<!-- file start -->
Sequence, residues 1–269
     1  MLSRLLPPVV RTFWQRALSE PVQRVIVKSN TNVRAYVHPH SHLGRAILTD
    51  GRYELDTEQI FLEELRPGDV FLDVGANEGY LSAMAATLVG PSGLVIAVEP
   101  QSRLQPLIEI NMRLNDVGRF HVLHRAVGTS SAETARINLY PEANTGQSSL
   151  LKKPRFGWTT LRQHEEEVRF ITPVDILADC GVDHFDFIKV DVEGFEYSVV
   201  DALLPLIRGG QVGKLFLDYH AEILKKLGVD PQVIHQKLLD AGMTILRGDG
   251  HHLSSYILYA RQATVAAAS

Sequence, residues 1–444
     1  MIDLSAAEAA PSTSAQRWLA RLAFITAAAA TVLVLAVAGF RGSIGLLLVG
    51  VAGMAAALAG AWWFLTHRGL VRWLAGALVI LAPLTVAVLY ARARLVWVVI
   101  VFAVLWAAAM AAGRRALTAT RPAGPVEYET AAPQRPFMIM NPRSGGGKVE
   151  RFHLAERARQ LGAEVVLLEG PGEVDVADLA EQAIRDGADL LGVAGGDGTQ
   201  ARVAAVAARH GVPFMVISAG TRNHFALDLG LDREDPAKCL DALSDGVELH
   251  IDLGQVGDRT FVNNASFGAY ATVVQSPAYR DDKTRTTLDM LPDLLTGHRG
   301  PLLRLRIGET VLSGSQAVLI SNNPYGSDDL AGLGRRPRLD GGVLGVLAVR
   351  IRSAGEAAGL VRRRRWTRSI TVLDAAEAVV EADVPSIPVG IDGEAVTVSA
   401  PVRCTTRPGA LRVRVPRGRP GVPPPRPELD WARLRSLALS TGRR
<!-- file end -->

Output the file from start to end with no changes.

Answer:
Sequence, residues 1–269
     1  MLSRLLPPVV RTFWQRALSE PVQRVIVKSN TNVRAYVHPH SHLGRAILTD
    51  GRYELDTEQI FLEELRPGDV FLDVGANEGY LSAMAATLVG PSGLVIAVEP
   101  QSRLQPLIEI NMRLNDVGRF HVLHRAVGTS SAETARINLY PEANTGQSSL
   151  LKKPRFGWTT LRQHEEEVRF ITPVDILADC GVDHFDFIKV DVEGFEYSVV
   201  DALLPLIRGG QVGKLFLDYH AEILKKLGVD PQVIHQKLLD AGMTILRGDG
   251  HHLSSYILYA RQATVAAAS

Sequence, residues 1–444
     1  MIDLSAAEAA PSTSAQRWLA RLAFITAAAA TVLVLAVAGF RGSIGLLLVG
    51  VAGMAAALAG AWWFLTHRGL VRWLAGALVI LAPLTVAVLY ARARLVWVVI
   101  VFAVLWAAAM AAGRRALTAT RPAGPVEYET AAPQRPFMIM NPRSGGGKVE
   151  RFHLAERARQ LGAEVVLLEG PGEVDVADLA EQAIRDGADL LGVAGGDGTQ
   201  ARVAAVAARH GVPFMVISAG TRNHFALDLG LDREDPAKCL DALSDGVELH
   251  IDLGQVGDRT FVNNASFGAY ATVVQSPAYR DDKTRTTLDM LPDLLTGHRG
   301  PLLRLRIGET VLSGSQAVLI SNNPYGSDDL AGLGRRPRLD GGVLGVLAVR
   351  IRSAGEAAGL VRRRRWTRSI TVLDAAEAVV EADVPSIPVG IDGEAVTVSA
   401  PVRCTTRPGA LRVRVPRGRP GVPPPRPELD WARLRSLALS TGRR